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DM&E officials meet with Haakon County Commissioners

The Haakon County Board of Commissioners was informed Tuesday, November 6, 2007, that work by Dakota, Minnesota & Eastern crews is slated to begin early in 2008 on a 107 mile stretch from Pierre to Wall.

The work is planned in three segments. In 2008 two lengths between Pierre and just west of Midland will be completed. The first length or railroad bed is between mileposts 486.2 and 490.9 just to the west of Ft. Pierre. A larger length is from milepost 507.2, just east of Van Metre, to milepost 541 outside of Midland.

The second segment, scheduled for 2009, will connect the railroad bed that was constructed in 2008 from milepost 490.8 to milepost 507.2. Length of bed from outside of Pierre to milepost 486.2 and from milepost 541 to milepost 562 will also be done in 2009. The length from milepost 541, just west of Midland, ends just west of Philip.

The final segment, to be completed in 2010, will pickup where it was left off from just west of Philip onto Wall.

Beth Lynn, Sioux Falls, an engineer with DM&E and Frank Doland, Lincoln, NE, an engineer with HWS Consulting Group, meet with the commissioners to outline proposed road crossing through Haakon County. Lynn and Doland asked for suggestions regarding one crossing west of Philip.

That crossing is on County Road #13. This is the road that accesses "Dump road" from the north, passing by Konst Machinery. The existing crossing is already dangerous and any engineering plans they have proposed cannot eliminate the danger, said Doland. He noted that if the railroad bed was moved 25 feet to the north it would put it that much closer to the curve which would create another danger. "I am concerned with this vertical grade on that hill," he said. "And in icy conditions someone will not be able to stop for a train," Lynn said. "Our best recommendation would be to close that road."

Lynn noted that she understands many residents may not like that option. She urged the board to meet with residents to get their thoughts regarding what could be done.

Commissioner Mel Smith noted that he believed that road was made a through road in the 1980s as a so that residents in that area had a second route out if the "dump road" was flooded near the Bad River Park. Since that time County Road #7 has been improved and residents could use that road to get to town in case of flooding near the park.

The commissioners stated that they would contact Lynn and Doland after they have met with residents that would be affected by closure of County Road #13.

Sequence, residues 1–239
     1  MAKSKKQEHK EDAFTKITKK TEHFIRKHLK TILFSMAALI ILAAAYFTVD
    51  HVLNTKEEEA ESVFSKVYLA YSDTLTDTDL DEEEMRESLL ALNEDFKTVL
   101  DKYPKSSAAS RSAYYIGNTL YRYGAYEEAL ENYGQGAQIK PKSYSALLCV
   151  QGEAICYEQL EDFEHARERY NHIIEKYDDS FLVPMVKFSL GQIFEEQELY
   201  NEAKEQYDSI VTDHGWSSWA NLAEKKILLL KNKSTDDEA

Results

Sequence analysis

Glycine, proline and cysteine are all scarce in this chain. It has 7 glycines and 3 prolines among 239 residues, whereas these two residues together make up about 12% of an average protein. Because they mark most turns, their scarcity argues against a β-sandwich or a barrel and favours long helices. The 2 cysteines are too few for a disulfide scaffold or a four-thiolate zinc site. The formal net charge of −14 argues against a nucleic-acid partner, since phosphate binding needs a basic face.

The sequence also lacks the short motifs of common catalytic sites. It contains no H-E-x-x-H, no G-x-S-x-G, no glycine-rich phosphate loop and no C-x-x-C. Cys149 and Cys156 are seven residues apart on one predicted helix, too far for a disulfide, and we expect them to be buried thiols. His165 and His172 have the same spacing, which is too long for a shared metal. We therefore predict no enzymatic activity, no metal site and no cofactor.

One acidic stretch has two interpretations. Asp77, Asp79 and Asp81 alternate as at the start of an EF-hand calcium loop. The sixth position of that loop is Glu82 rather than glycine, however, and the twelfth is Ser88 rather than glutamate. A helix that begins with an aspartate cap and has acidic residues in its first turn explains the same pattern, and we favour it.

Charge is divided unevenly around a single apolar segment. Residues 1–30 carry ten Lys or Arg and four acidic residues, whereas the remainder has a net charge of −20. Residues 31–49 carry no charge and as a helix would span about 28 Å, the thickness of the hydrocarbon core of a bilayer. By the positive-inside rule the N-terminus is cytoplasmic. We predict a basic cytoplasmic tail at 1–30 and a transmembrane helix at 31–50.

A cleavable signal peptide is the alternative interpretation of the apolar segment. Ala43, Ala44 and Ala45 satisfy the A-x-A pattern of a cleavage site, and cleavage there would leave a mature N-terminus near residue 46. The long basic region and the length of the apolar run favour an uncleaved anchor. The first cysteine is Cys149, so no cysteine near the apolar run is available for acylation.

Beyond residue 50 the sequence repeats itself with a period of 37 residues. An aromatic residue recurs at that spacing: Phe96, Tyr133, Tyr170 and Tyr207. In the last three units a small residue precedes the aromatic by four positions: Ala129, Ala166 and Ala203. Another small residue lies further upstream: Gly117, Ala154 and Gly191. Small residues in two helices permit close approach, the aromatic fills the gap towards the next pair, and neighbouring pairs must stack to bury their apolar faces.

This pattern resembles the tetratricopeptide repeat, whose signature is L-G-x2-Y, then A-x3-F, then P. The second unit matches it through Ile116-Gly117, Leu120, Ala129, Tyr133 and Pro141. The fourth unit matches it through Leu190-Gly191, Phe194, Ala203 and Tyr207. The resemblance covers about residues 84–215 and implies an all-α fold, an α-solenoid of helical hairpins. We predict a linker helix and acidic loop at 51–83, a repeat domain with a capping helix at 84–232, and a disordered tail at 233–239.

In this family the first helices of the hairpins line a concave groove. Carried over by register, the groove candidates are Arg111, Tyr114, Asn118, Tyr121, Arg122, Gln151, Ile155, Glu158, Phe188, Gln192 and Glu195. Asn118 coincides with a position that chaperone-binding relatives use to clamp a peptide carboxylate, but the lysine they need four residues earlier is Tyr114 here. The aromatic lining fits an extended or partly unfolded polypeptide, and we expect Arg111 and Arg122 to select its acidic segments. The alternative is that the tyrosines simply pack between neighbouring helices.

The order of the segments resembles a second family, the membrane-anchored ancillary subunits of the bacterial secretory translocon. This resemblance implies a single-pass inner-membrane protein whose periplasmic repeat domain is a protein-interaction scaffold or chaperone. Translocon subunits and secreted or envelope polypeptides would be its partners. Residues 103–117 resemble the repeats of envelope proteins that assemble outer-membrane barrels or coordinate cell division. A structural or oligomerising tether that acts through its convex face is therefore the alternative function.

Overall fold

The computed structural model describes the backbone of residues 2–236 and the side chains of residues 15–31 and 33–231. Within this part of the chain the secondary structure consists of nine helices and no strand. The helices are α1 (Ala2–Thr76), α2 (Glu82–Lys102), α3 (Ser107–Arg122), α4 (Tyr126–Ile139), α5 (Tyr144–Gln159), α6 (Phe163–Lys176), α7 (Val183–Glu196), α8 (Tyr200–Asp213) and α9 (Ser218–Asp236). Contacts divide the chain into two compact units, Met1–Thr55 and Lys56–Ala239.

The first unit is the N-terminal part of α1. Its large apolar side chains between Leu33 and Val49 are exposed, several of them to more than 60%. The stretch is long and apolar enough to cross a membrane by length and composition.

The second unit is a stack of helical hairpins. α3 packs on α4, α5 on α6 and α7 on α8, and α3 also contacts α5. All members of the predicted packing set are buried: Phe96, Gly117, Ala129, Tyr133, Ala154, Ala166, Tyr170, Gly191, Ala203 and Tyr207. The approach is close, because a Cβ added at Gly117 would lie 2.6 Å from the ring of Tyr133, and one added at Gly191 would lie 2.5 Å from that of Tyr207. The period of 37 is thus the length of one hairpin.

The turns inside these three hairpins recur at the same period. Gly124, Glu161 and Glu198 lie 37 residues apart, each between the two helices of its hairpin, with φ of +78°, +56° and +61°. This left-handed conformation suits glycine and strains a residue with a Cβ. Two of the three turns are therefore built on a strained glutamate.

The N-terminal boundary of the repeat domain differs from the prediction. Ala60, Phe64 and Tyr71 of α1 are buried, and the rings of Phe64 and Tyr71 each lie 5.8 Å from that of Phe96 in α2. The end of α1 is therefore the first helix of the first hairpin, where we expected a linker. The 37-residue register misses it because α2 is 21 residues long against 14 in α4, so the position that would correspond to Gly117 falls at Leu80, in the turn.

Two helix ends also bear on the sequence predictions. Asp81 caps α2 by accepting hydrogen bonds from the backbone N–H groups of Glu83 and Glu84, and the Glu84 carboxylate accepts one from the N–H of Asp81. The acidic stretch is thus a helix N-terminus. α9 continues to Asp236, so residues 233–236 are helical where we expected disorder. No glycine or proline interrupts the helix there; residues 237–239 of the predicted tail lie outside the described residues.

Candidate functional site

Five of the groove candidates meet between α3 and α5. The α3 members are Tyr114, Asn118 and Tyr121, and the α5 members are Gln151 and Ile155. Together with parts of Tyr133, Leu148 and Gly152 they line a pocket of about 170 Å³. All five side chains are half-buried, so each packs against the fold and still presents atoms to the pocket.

Lynn and Doland stated that the train will cross roads 12 times in Haakon County. In some instances those crossings will have lights and gates installed. In other cases the existing signs will be left. These are in low traffic areas, said Doland.

In Midland one road will be closed, as per an agreement with the town. A new road will be built to replace the closed street. Lynn noted that this would eliminate two crossings. The crossing over Highway 63 would remain as is, with the addition of gates and flashing lights.

In Nowlin, two crossings will remain, although the existing mainline will be moved 25 feet to the north. Doland said because there is a low traffic flow through the area and there is good sight visibility for the train and vehicles the crossing would have signs. The second crossing is on a horizontal curve and will not require gates or flashing lights. He did recommend that the county highway department install speed limit signs for safety reasons due to the curve.

In Powell the track bed will be raised and moved to the north 25 feet.

Within the town of Philip, gates and flashing lights will be installed at the crossings near the recycling dumpsters and on Highway 73.

A crossing southwest of town on County Road #7, near the landfill, will be regraded to have a 90 degree angle for the crossing. While there is good visibility, the t-intersection did create some problems as there will be a siding there also. The current siding near Dakota Mill & Grain will be extended west to that area.

Doland informed the commissioners that the 107 miles between Pierre and Wall will be entirely new railroad bed. In some cases the bed will be moved 25 feet north of the existing railroad bed. This will still be within the railroads right-of-way in most cases. Lynn said in a few places land will need to be purchased. Lynn added that every 15 to 20 miles there will be a siding that is one and one-half miles to two miles in length. She said this will allow oppositely traveling trains to bypass each other while continuing to move down the tracks. In some instances there will be two sets of train tracks crossing the county roads.

County commissioner Lawrence Schofield asked Lynn if the plan to haul coal was still in effect. She stated that was correct and that approximately 37 trains each day, going and coming, would be riding the rails through Haakon County. She noted that the loaded trains heading east would be traveling approximately 40 miles per hour. The empty trains headed west would be traveling around 49 mph.

Lynn informed the board that DM&E is, as of October 5, 2007, fully owned by Canadian Pacific Railway. She noted that the Surface Transportation Board noted they would not make a decision until December of 2008 as to if DM&E can be operated as one unit with Canadian Pacific or as two separate entities.